Washington Post on The Best Horror of The Year, Volume 6


On Hauntings

"This diverse 25-story anthology is a superb sampling of some of the most significant short horror works published between 1985 and 2005. Editor extraordinaire Datlow (Poe) includes classic stories from horror icons."
Publishers Weekly, starred review

"With her keen eye for craftsmanship, prolific anthologist Datlow always delivers first-class entertainment, whether her genre-at-hand is sf, fantasy, or, in this case, horror."
Booklist

"Anytime you sample a collection edited by veteran anthologist Ellen Datlow (Snow White, Blood Red; Teeth; Supernatural Noir), you know that you are in for a treat."
Shroud Magazine

"Datlow once again proves herself as a master editor.... Highly recommended."
Arkham Digest

On Darkness: Two Decades of Modern Horror

"Make sure you are in a safe place before you open it up."
New York Journal of Books

"An anthology to be cherished and an invaluable reference for horror aficionados."
Publishers Weekly, starred review

"Darkness promises to please both longtime fans and readers who have no clue what 'splatterpunk' was supposed to mean."
San Francisco Chronicle

"Eclectic...a complete overview of some of the best horror stories published in the last twenty years."
SF Site

On The Year's Best Fantasy and Horror

"As the line between fantasy and horror blurs, this combined presentation of their exemplars will give readers of both genres much to enjoy, and may even broaden a few horizons."
Publishers Weekly, starred review

"Bring out the bone china—a critically acclaimed fantasy/horror annual celebrates its 20th anniversary in grand style.... Worth a space on any bookshelf."
Kirkus

“...an excellent anthology of horror stories.... I highly recommend it!”
Black Gate

From the Author

Interest in H. P. Lovecraft's fiction never seems to wane. His influence on his contemporaries and on so many writers since he died is a testament to the power of
his imagination. Why might this be? Possibly it's the richness of the mythos he created. The monsters, the unseen world behind the screen of normality in our world.
My initial exposure to the mythos was during my early teens, when I was reading lots of science fiction, so my experience with Lovecraft strongly contrasted with the sense of wonder and embrace of the unknown in science fiction. H. P. Lovecraft's hidden worlds and the mythos he created seemed inspired by and in turn promoted a sense of  fear and dread of the unknown.
Over time, I've read numerous pastiches of Lovecraft, but most --for me, at least--are too obvious, and bring little new to the table. I'm far more impressed and often surprised by writers who use the mythos in ways that its creator never dreamed of (and might indeed have him spinning in his grave).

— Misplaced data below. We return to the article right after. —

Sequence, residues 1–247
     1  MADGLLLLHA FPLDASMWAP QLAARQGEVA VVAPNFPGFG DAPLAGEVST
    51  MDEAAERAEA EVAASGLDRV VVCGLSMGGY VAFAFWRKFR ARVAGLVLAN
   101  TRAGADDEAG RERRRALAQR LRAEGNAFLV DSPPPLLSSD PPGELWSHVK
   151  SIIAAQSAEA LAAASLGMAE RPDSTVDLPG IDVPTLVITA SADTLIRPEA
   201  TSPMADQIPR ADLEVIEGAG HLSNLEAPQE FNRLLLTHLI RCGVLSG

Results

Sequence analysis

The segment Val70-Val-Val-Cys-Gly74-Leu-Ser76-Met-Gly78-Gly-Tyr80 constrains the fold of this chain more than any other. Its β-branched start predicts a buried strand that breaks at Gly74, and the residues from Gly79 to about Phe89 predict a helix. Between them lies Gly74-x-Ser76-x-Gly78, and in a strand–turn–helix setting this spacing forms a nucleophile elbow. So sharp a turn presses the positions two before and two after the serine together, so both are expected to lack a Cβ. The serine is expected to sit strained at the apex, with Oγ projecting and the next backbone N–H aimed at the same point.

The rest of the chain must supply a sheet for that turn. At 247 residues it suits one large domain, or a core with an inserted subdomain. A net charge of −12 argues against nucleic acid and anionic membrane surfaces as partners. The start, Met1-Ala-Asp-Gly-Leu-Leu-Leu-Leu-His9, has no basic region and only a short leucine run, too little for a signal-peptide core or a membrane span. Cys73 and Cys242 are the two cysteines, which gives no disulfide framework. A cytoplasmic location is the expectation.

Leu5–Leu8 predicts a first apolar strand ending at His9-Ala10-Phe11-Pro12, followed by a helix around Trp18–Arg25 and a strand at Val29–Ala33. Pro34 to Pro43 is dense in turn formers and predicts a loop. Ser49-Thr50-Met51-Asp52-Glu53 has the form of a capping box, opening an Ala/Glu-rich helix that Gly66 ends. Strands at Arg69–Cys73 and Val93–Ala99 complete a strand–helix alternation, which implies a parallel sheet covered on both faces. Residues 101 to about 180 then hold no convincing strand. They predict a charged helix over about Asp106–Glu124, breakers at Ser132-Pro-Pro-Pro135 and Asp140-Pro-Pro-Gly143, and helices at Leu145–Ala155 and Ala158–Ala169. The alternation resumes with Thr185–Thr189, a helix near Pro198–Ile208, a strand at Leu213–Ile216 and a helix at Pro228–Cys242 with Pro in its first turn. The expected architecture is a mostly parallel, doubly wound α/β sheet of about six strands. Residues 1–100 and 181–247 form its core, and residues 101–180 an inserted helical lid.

This is the second time I've edited a Lovecraftian anthology. My first was Lovecraft Unbound, containing mostly new stories inspired by Lovecraft. As readers familiar with my theme anthologies, I always attempt to push thematic boundaries to the breaking point: that is, if I can justify to myself that a story I encounter (by commissioning originals, or by researching and listening to suggestions for reprints) fits within the theme of my book, and I love that story I'll acquire and publish it.
For Lovecraft's Monsters, I had three goals in choosing stories: the first, as usual, was to avoid pastiches; the second was to use stories that have not been overly reprinted in the many recent mythos anthologies; third, I wanted to showcase Lovecraftian influenced stories by at least some authors not known for that kind of story. So in this case there are stories by Gemma Files, Steve Rasnic Tem, Karl Edward Wagner, Joe R. Lansdale, Brian Hodge, Nadia Bulkin, and a collaboration by Howard Waldrop and Steven Utley.
I believe I've succeeded in all three goals and hope that you enjoy reading Lovecraft's Monsters as much as I did working on it.

More About the Author

I've been an editor for over thirty years, first in book publishing, but mostly editing short stories for OMNI Magazine and webzine, EVENT HORIZON, a webzine, and SCIFICTION, the fiction area of SCIFI.COM. I currently acquire and edit short fiction for Tor.com and I edit original and reprint anthologies. Born and bred New Yorker, although I travel a lot.

Customer Reviews

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A nice modern interpretation of H.P. Lovecraft's mythos.
M. Stephens
I expected to like the stories from my favorite authors and but really, all of them were very good.
Christine
If you are a Lovecraft fan you will enjoy the variety of these stories.
Rena Mason

Most Helpful Customer Reviews

16 of 18 people found the following review helpful By Cape Rust on May 9, 2014
Format: Kindle Edition
Lovecraft’s monster’s was exactly like NFL All Star game. Some absolutely amazing players showed up, however like their NFL brethren, it seemed like they were writing to not get hurt and there to enjoy the setting more than for the game itself. I can’t for one single second argue with the skill and quality of this selection of authors, some of my all time favorites are included, but even with that all start cast this felt like a collection of sometimes interesting stories that had a Lovecraft label stuck on them awkwardly and included just enough hints of Lovecraft to justify their inclusion into this collection.